The literature on corporate groups indicates that the relationships between holding and subsidiary companies in the corporate groups are ingrained with power that is associated with the authority, control, and the ability to influence. The aim of this research is to investigate the key aspects of the relationship between parent and subsidiary companies in corporate groups and their impacts on organisation’s Enterprise Systems adoption and implementation. This research also anticipated Enterprise Systems to be one aspect that drives the change in the relationship between parent and subsidiary company.

An interpretive paradigm is the assumed philosophical stance in this research. The case study research method with embedded cases was chosen as the main research approach. Two case studies with five embedded cases were explored. The participating corporate groups were a privately-owned corporate group and a state-owned corporate group in Indonesia. Semi-structured interviews were used for data collection and qualitative content analysis technique was used in analysing the interview data.

The outcome of the investigation demonstrates three aspects in the relationships between a parent and subsidiary company of corporate groups during the implementation of Enterprise Systems that may be beneficiary for practitioners and researchers interested in the use of IS/IT (particularly in developing countries). The holding company should consider the individual business requirements and the “uniqueness” of the subsidiary company in issuing directives for the implementation of Enterprise Systems in subsidiary companies. The second aspect underlines the importance of the holding company to provide strategic directives to achieve the corporate group vision while facilitating and/or enabling the achievement of the subsidiary’s own business objectives. The third emphasises on the importance of the communication between corporate group members, particularly in the design and implementation of the appropriate Enterprise Systems.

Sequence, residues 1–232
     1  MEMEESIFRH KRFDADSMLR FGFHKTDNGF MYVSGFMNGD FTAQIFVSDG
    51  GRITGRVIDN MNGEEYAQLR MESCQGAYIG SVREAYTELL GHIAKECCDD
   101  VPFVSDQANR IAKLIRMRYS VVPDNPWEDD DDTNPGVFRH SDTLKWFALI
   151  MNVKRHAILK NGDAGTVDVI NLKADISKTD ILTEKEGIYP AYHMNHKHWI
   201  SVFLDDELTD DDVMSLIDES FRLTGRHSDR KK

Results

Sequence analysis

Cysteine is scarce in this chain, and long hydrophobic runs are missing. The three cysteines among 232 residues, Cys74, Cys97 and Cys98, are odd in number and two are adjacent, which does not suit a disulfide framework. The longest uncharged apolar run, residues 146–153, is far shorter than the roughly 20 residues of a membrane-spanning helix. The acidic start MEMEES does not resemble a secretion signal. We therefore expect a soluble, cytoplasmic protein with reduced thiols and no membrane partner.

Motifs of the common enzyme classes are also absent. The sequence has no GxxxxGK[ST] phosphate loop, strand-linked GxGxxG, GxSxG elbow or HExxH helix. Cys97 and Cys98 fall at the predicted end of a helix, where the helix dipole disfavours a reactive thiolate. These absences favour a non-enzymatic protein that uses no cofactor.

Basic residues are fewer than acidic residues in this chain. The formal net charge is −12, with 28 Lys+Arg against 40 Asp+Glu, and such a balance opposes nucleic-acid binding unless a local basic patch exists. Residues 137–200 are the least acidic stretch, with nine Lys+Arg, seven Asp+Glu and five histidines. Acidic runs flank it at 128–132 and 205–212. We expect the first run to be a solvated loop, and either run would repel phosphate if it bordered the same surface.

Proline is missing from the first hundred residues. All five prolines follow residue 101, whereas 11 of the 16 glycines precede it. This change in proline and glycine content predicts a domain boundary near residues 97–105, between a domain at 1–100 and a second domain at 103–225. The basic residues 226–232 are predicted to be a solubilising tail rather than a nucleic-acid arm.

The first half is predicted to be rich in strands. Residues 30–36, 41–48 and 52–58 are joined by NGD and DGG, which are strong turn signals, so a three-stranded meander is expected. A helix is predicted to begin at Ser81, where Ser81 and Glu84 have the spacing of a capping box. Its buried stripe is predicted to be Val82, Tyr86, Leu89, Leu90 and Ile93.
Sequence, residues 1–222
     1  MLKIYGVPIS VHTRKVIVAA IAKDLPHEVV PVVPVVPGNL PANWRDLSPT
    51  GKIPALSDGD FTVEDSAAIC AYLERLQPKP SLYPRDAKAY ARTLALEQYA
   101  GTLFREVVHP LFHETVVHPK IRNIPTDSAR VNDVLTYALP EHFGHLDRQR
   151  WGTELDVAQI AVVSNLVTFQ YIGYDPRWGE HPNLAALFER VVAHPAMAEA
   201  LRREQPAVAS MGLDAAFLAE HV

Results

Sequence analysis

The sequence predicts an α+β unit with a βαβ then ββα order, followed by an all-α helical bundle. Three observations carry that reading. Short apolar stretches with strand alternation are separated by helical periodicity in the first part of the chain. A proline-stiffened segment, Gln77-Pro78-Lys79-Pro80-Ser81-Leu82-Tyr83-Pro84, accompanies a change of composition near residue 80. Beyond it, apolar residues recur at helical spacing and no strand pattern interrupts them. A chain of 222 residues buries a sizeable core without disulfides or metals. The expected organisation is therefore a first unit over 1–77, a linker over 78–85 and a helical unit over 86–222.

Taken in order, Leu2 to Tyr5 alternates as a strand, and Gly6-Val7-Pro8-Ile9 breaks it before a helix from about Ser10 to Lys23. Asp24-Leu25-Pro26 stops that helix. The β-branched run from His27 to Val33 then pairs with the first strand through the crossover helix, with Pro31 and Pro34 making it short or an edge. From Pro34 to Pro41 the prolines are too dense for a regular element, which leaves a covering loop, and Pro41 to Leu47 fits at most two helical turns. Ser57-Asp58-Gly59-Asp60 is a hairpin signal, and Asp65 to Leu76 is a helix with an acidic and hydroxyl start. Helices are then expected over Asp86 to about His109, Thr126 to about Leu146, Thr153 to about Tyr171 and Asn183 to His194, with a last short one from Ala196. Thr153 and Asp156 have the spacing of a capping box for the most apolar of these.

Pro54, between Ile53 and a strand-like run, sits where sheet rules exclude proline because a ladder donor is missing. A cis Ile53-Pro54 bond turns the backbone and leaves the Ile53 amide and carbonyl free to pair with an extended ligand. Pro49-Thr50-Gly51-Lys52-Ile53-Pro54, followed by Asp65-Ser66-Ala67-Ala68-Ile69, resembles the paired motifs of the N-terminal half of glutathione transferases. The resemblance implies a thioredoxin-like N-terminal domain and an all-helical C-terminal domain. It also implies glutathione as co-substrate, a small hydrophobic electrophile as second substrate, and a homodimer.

Acknowledgements

I would like to express my sincere gratitude to my principal supervisor, Dr. Adi Prananto whose expertise, understanding, and patience, added considerably to my graduate experience. I appreciate his vast knowledge and skill in many areas (e.g. enterprise systems, corporate business, ethics, interaction with participants), and his familiarity with the context of my research, also his understanding on my ‘language style’. I would like to thanks to my second supervisor Dr. Felix Ter Chian Tan especially for his assistance in writing papers in my early stage of study.

Very special thanks go out to Prof Judy McKay, whose has made research looks so easy and intriguing. She encouraged me to go beyond my limitations in language and knowledge with her insightful deliveries and experience. Also thank for fellow RISO staffs for the insightful discussion during RISO sessions. I thank my fellow PhD Students in for stimulating discussions, for all the fun we have in the years passed. A special thanks for Amelia and Siddha for being my right hands through the years.

I would also like to thank to my family for the support they provided me through my entire life and in particular my wife and best friend, Indah, whose has inspired me to take this path of life and for understanding during bitterness and sorrow. I must acknowledge my little brave girl, Qonita, for her bravery in facing challenges, which have made me envy. Big thanks for my princess, Shofiya, her excitement and persistency in learning have encouraged me to be determined to reach the finish line. A big hug will be given for my little man, Zakariyya, for delighting my days with his smiles and joy.

I would like to dedicate this thesis to my parents. I have been extremely fortunate in my life to have parents who have shown me unconditional love and support. The relationships and bonds that I have with my parents hold an enormous amount of meaning to me. I admire them for all of their accomplishments in life, for their independence, and for all of the knowledge and wisdom that they have passed on to their

children over the years. Special thanks for my mom, for - always - offering me trust and confidence upon my decisions.

Finally, I would like to acknowledge the priceless contribution from all my new friends in Melbourne. Who have accompanied and assisted my little family from the very beginning we set the journey in Melbourne. Especially for The Avenuers who give the sense of home and friendships. To be more specific for Muchlis, Fitri, and little Alicia that helped me a lot to cope during the final days of ompleting this journey.

Declaration

This dissertation contains no material which has been accepted for the award to the candidate of any other degree or diploma. To the best of my knowledge, the dissertation contains no material previously published or written by another person except where due reference is maybe in the text of the examinable outcome. The appendix provides a list of peer-reviewed publications that resulted from this research. This dissertation contains material that has been used in these publications.